Graber’s (2014) formulation of "culture maintenance and change creation" as intentional is astute and provocative. I think that proponents of change must understand the culture of the organization or institution in order to comprehend the potential for change, but, at the same time, I understand that enculturation and tradition can inhibit change. How does this work for individuals when we want a liberal education to lead to personal development, which, after all, is change? When reading this paper, I thought about my own formulation of the three fundamentals of tertiary education: curator of the past, creator of the future, and critic of the present, asking why and why not? In this way, I think we can have both a respect for tradition and an understanding of the ingredients for creating change.

I agree with Jennings (2014) that educational attainment itself does not equate with liberal-education outcomes. In fact, I think we should distinguish between the three major forms of "knowing": knowing by empirical evidence; knowing by emotion; and knowing by epiphany. These three – also expressed as facts, fear, and faith – result in different kinds of knowledge and are present no matter what the level of one’s education.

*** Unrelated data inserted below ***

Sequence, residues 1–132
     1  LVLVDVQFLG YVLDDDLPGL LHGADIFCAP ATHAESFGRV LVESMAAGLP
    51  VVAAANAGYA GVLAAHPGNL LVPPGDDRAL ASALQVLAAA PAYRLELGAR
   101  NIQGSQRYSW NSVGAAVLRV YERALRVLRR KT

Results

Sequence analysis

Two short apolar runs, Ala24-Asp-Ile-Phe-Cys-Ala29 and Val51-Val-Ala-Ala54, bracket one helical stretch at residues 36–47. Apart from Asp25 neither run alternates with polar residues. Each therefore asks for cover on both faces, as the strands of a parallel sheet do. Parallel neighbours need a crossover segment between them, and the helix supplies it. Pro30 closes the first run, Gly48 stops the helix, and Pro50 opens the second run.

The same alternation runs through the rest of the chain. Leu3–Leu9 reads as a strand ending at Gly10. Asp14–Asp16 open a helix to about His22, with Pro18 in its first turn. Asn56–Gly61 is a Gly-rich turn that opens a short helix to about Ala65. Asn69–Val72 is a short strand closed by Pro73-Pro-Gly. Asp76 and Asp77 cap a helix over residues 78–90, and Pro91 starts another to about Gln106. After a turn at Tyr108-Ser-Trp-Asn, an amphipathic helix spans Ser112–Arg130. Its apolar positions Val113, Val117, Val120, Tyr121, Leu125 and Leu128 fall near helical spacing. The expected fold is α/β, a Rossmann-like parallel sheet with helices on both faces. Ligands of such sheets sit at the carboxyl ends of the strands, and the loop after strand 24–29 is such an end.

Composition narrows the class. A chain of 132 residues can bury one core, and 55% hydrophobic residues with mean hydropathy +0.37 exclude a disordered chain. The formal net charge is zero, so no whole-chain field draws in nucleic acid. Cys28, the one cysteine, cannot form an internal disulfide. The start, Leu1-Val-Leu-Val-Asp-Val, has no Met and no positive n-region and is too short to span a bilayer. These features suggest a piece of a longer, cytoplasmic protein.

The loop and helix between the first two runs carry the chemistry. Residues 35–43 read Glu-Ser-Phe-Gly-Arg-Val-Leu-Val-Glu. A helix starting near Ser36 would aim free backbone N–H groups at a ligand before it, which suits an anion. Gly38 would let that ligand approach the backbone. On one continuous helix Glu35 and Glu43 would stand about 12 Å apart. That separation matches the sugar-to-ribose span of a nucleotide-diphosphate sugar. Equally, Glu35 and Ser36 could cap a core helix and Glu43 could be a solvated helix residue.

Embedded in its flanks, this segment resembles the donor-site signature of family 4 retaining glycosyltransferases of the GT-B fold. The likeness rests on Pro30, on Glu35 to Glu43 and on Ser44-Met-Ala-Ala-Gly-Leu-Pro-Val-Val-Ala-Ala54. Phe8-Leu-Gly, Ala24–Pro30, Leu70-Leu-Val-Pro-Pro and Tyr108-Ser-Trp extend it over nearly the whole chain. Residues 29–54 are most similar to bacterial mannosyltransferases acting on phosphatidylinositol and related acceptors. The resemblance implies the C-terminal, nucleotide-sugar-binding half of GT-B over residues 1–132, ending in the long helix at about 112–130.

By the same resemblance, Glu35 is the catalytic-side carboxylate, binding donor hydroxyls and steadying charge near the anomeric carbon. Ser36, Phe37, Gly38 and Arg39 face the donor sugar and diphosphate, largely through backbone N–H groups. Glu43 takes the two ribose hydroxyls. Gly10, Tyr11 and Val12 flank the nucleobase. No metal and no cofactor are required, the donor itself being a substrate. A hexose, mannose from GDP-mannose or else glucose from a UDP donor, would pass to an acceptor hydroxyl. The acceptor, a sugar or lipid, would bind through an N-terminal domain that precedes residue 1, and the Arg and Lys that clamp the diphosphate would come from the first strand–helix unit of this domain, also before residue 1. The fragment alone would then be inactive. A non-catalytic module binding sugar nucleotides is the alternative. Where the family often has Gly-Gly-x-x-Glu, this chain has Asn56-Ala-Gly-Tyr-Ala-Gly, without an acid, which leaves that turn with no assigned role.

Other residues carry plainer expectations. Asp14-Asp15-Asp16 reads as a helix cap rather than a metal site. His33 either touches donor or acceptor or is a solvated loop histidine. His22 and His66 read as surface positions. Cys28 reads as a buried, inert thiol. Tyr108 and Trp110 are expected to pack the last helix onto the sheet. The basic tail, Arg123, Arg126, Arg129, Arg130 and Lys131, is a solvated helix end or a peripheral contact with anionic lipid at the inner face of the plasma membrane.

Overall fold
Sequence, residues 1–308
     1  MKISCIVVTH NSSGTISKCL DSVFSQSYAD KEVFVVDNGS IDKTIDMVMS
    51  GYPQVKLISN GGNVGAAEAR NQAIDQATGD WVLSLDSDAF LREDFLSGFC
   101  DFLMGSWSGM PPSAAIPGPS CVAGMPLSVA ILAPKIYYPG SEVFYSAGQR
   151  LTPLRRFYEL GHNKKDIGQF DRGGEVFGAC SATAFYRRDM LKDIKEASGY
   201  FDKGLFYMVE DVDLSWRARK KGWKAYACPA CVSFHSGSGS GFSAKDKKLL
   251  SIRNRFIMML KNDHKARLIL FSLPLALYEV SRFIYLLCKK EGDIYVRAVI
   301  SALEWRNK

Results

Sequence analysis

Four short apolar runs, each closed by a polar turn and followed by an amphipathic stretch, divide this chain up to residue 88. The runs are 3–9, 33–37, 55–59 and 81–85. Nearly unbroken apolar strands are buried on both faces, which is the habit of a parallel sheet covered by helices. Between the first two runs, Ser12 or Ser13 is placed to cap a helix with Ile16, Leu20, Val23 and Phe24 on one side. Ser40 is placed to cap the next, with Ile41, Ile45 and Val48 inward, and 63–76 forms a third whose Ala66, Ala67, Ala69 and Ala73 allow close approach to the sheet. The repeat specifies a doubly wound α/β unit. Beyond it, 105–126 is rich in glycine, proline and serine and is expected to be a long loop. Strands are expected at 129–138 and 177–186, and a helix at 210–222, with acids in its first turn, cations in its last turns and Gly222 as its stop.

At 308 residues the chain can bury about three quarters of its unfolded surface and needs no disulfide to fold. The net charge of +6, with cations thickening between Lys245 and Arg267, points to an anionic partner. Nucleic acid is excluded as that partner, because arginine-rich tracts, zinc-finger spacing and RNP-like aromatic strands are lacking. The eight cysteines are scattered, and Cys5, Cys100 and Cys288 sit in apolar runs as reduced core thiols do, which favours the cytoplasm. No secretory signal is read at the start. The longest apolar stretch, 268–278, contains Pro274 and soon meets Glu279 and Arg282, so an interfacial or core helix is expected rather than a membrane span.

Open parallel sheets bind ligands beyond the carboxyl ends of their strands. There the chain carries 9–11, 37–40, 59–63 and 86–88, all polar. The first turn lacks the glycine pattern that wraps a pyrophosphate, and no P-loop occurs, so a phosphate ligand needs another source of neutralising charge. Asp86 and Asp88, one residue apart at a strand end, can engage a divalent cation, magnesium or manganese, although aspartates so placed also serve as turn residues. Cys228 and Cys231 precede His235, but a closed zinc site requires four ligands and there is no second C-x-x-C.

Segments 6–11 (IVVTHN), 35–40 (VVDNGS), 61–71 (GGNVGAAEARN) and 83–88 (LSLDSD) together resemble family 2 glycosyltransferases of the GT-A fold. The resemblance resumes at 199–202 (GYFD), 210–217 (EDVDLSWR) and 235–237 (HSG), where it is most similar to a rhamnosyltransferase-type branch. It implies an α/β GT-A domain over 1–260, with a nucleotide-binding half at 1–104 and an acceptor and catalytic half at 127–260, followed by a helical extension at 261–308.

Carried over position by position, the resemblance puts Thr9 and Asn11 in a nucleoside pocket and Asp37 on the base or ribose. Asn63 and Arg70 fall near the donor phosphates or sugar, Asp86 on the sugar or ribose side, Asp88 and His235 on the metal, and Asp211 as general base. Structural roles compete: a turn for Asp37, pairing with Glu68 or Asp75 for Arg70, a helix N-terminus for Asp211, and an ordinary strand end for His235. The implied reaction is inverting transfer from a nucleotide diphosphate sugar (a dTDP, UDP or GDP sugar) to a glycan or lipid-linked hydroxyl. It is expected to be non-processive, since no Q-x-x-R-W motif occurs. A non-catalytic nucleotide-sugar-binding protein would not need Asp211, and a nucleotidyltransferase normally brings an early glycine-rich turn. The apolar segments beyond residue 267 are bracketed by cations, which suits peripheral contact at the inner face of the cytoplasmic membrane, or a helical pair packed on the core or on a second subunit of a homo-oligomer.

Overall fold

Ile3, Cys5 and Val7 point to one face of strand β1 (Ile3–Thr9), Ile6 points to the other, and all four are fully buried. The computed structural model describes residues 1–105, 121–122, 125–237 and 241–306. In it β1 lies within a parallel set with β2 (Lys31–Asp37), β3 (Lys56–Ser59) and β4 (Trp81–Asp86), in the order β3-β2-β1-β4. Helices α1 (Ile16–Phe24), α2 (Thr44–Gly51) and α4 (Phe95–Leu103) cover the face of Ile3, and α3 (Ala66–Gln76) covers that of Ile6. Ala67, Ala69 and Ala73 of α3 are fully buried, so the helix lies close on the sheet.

The Maxwell (2014) paper offers much to consider and it made me think of my own approach, which I call the three "clusters." The first cluster concerns "the world we meet" upon birth, that is wind, water, the sciences, including physics, his focus. The second is the "world we make," including manufacturing, architecture, engineering of all types, business, and commerce, etc. The third cluster consists of those systems of thought by which we mediate between the world we meet and the world we make, including religion, ethics, and philosophy. It is in these ways that we attempt to mediate between ends and means.